|Publication number||US8067945 B2|
|Application number||US 12/006,331|
|Publication date||Nov 29, 2011|
|Filing date||Jan 2, 2008|
|Priority date||Jan 2, 2008|
|Also published as||US9506784, US20090167522, US20120089367|
|Publication number||006331, 12006331, US 8067945 B2, US 8067945B2, US-B2-8067945, US8067945 B2, US8067945B2|
|Inventors||Constance Coty, Lusheng Ji, Robert Miller, Harry Worstell|
|Original Assignee||At&T Intellectual Property I, L.P.|
|Export Citation||BiBTeX, EndNote, RefMan|
|Patent Citations (18), Referenced by (1), Classifications (10), Legal Events (4)|
|External Links: USPTO, USPTO Assignment, Espacenet|
The present invention relates generally to a material transmission medium, and more particularly to method of monitoring the transmission medium.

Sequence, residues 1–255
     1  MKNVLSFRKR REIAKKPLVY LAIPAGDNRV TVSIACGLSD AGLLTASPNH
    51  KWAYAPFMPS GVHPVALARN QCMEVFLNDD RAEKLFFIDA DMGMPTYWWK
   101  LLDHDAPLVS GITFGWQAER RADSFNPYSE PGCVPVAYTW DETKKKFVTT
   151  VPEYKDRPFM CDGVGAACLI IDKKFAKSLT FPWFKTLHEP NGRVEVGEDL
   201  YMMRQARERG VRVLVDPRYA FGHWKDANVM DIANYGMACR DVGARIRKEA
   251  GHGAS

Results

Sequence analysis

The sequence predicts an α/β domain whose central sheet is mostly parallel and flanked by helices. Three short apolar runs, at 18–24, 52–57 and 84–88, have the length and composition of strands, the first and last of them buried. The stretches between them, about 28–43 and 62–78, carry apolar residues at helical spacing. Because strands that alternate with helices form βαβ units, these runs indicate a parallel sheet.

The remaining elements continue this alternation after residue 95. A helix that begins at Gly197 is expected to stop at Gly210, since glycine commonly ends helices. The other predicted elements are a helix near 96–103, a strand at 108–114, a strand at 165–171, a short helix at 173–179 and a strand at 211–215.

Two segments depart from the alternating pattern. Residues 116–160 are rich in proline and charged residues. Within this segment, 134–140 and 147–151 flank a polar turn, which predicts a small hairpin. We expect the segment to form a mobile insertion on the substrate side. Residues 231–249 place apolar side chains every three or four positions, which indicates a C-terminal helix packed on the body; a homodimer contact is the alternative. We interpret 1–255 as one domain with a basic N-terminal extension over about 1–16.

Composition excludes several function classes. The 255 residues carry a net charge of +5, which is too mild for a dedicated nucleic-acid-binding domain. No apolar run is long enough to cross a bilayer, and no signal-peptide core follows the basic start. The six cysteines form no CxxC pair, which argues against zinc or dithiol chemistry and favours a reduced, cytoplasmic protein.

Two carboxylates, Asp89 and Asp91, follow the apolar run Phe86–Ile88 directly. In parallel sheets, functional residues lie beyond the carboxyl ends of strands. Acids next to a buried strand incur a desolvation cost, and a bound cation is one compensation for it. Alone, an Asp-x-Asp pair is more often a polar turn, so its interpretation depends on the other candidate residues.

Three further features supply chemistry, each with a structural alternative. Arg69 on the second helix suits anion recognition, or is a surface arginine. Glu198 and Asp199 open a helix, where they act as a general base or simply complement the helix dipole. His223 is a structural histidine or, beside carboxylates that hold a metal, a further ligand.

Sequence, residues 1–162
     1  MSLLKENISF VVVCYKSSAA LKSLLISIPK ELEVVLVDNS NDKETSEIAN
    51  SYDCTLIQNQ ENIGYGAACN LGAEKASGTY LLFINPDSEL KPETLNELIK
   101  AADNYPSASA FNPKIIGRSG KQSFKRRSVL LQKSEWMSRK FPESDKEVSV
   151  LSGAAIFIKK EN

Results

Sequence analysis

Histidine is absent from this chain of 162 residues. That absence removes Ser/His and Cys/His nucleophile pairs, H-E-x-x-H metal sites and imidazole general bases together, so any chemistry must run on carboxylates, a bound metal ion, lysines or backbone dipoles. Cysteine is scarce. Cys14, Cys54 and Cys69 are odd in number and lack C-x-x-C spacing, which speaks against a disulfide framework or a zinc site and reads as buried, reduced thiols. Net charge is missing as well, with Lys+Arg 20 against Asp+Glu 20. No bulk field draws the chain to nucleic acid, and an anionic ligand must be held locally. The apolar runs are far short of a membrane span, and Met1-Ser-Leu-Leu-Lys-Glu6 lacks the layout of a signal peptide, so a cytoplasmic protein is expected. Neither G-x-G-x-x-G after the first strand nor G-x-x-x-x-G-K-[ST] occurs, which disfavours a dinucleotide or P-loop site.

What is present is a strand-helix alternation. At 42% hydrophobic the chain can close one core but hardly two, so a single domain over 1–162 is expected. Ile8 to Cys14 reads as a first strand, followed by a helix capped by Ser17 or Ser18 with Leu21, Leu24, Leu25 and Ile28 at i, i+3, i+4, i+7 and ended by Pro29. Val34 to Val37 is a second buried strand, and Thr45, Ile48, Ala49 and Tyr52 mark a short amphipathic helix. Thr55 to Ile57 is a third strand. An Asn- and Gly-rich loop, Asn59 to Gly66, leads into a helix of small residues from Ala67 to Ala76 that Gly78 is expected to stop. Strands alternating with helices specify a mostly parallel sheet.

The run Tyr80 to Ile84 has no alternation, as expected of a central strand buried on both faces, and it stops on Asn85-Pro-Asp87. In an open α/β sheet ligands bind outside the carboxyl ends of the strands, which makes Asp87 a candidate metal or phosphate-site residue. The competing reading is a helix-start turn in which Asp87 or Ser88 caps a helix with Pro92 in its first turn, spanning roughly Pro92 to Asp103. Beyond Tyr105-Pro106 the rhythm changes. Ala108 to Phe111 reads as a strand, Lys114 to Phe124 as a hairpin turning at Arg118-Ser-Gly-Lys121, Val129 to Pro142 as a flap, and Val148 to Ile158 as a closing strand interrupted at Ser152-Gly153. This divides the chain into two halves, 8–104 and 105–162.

There are multiple industries which rely upon long stretches of a material medium in order to deliver a service to dispersed customers. Examples of such industries include (1) telecommunications and (2) electrical power. Effective delivery of these services requires that the integrity of the material medium be maintained.
Unfortunately, it is common for a portion of the material medium to experience an environmental condition or acute stress that causes the material medium to become inoperable or physically compromised. Currently, significant labor, time and money are spent in trying to determine the location and cause of a material medium's compromise.